I take the first dose of the Pfizer COVID-19 vaccine.

In 1995 I was a mid-career scientist and physician at the University of Michigan who had previously worked for 14 years in the Army on biodefense, vaccines, and immunological diseases. After duty in Desert Storm and the issues surrounding anthrax in that war, I was well aware of the difficulties in trying to produce a vaccine for any illness. I had read Richard Preston’s book the Hot Zone and understood the limitations of studying deadly infectious diseases (including one scientist who lost a leg due to an inadvertent laboratory needle stick). Therefore, I was entirely dismissive about the new movie “Outbreak” in which characters made an antidote in days to save an entire California community from an Ebola-like disease.

Fast forward to this year as I laid out my own expectations for COVID-19. When the pandemic first became prominent in February and March, my belief was that we would slog through the first few years of this new illness and hopefully develop drugs that could manage it. Long term there was hope of immunity because of infection, but since the actual mechanisms of illness from this virus were unclear, I was not sure how many people would die or how long the pandemic would continue.

The last idea I would ever entertain was that, before the year was out, there would be a 95% effective vaccine that would be commercially available, and I would be fortunate enough to receive this vaccine. No one in their right mind with any type of medical research background would have expected that.

Totally against my wildest expectations, this afternoon I received my first shot of the Pfizer vaccine. Thinking through the history of vaccine development, it struck me that this was truly a miraculous event.

I view myself as incredibly fortunate that I was prioritized to get the vaccine at this early point. I am old (over 65), have a congenital cardiac anomaly and take lots of medications that put me at significant risk from this infection. Despite these issues, I have continued to see patients throughout the epidemic whenever our clinics were allowed to be open. Importantly, most of my patients have immune problems and are probably at greater risk from an infected physician than I am from them.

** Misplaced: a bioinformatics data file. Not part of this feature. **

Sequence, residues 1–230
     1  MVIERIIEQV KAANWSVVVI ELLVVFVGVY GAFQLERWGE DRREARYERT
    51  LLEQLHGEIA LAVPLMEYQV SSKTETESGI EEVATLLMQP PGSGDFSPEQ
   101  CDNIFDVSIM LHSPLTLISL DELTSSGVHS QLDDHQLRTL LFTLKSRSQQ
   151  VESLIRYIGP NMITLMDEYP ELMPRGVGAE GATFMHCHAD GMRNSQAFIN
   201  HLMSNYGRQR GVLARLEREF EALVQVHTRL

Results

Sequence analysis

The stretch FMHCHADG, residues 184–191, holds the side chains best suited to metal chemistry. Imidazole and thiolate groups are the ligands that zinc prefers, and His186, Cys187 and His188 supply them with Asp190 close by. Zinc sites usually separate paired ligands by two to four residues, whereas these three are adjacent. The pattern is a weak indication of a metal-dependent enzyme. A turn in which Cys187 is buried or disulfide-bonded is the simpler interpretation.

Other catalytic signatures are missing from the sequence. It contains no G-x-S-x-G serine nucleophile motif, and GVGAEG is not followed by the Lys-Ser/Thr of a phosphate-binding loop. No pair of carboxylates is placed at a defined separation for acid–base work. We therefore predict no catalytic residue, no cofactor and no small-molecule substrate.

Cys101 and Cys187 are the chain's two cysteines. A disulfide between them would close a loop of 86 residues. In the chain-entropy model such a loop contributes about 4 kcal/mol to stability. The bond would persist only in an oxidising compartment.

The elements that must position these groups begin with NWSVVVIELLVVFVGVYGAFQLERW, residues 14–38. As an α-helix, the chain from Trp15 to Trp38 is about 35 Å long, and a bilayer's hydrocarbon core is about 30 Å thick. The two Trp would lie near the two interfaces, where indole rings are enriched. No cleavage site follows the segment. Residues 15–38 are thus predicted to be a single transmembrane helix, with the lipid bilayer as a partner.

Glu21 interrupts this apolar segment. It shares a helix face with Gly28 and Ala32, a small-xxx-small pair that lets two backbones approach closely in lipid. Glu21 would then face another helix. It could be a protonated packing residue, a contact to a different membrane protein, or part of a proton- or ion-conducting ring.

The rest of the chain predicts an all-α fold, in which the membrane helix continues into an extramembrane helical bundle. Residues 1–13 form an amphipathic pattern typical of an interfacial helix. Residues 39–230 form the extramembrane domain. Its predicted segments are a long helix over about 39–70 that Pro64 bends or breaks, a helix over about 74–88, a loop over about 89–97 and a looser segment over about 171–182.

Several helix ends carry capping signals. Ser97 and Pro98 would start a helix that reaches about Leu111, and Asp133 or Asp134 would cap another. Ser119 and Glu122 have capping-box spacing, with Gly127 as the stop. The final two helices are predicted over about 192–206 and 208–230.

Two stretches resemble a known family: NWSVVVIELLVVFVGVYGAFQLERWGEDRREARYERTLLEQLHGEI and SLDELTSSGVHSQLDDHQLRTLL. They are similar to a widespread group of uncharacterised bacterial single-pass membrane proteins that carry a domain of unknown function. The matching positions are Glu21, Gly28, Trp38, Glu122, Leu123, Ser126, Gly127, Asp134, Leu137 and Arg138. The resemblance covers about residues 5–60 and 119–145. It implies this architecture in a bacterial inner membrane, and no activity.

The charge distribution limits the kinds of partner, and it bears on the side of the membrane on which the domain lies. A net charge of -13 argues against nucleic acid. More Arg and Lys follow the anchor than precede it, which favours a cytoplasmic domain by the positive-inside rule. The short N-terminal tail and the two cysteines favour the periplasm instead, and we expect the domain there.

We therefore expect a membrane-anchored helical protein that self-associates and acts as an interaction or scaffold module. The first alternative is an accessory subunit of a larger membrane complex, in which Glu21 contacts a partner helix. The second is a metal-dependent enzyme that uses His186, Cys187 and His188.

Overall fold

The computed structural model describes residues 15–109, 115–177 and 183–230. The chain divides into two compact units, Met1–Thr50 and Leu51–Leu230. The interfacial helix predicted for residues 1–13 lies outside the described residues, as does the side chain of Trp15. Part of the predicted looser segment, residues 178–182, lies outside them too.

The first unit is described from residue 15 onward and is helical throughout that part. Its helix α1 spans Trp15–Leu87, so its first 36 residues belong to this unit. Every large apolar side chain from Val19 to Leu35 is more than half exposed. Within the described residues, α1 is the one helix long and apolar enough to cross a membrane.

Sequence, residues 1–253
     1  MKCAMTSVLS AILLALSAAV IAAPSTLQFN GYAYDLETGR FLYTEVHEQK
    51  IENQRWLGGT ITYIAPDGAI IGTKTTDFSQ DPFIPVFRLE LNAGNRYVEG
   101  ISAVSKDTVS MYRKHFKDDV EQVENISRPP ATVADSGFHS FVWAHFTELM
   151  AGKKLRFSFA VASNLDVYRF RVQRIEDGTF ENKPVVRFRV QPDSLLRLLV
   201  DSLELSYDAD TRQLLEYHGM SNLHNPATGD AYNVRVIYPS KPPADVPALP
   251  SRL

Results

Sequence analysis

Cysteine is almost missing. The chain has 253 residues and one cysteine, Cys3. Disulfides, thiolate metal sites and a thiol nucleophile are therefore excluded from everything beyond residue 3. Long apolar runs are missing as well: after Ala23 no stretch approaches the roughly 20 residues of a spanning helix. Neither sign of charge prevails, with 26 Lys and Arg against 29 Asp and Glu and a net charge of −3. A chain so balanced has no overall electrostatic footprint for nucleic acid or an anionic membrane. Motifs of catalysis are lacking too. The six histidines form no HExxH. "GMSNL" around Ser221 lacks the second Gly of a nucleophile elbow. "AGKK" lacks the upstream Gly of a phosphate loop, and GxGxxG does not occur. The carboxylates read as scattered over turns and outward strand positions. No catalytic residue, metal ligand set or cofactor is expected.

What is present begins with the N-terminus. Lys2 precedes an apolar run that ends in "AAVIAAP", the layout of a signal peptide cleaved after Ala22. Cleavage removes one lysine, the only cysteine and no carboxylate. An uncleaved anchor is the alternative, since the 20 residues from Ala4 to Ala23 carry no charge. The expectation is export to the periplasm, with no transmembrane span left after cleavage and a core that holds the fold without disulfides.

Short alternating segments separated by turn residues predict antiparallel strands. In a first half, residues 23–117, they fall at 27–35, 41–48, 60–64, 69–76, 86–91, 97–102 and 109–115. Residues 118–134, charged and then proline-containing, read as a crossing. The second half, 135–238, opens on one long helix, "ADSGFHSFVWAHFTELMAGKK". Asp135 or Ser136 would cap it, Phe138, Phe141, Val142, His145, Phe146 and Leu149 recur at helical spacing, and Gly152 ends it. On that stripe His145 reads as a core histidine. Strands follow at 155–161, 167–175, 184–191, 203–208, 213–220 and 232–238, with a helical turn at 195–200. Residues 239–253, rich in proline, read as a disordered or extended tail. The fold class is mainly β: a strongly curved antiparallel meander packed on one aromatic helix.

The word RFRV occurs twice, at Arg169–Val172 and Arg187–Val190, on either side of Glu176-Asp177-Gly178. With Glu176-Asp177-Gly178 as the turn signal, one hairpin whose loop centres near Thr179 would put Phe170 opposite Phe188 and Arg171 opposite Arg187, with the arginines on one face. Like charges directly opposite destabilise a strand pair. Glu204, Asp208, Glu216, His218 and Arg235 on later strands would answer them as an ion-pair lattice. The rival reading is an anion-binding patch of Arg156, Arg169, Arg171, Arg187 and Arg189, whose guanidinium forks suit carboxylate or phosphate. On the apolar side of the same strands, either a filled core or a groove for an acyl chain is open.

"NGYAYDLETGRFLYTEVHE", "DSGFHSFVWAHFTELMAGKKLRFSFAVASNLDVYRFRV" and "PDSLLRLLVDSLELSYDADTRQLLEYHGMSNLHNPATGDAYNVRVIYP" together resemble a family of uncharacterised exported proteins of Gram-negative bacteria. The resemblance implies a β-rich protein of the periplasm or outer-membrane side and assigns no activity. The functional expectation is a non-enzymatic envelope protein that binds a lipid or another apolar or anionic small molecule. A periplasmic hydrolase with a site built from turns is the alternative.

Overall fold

The biggest question I had in this was whether or not I was truly deserving to get the vaccine at this time. We have all observed such incredible human suffering from this disease, and it highlighted the in equities in our health care system. I have good access to medical care and was fortunate to be able to do most of my non-patient related work remotely. Many of my colleagues of similar age have decided either to retire or at least to stop seeing patients during this time. Was it reasonable for me to continue to see patients, put myself at risk, and accidentally gain priority access to the vaccine?

The only reasonable response I could think of comes from another movie, “Saving Private Ryan.” A dying captain John Miller (Tom Hanks) whispers to Private James Ryan (Matt Damon), “make sure you earn this.” To make sure I earn this vaccine, I have taken a role in research concerning immunity associated with COVID-19 infection and also will help investigate some of the allergic adverse reactions to this vaccine. I plan on continuing patient care as long as I am able and as long as I am useful to my patients (thanks to the Allergy Division for supporting that). I won’t take for granted the opportunity this vaccine affords me, nor forget the number of individuals who were sickened or died during the time it took to develop it.

One thing we should all remember is the effort required to get these vaccines. A friend said, “We should give a Heisman Trophy for this vaccine.” However, rather than being an individual effort, like a spectacular 100-yard run, it is countless people, each of whom advanced the effort a few inches until we reached the end zone. Many did not even work on COVID-19; some of the work came from SARS or even more basic studies in vaccine technology and genetics.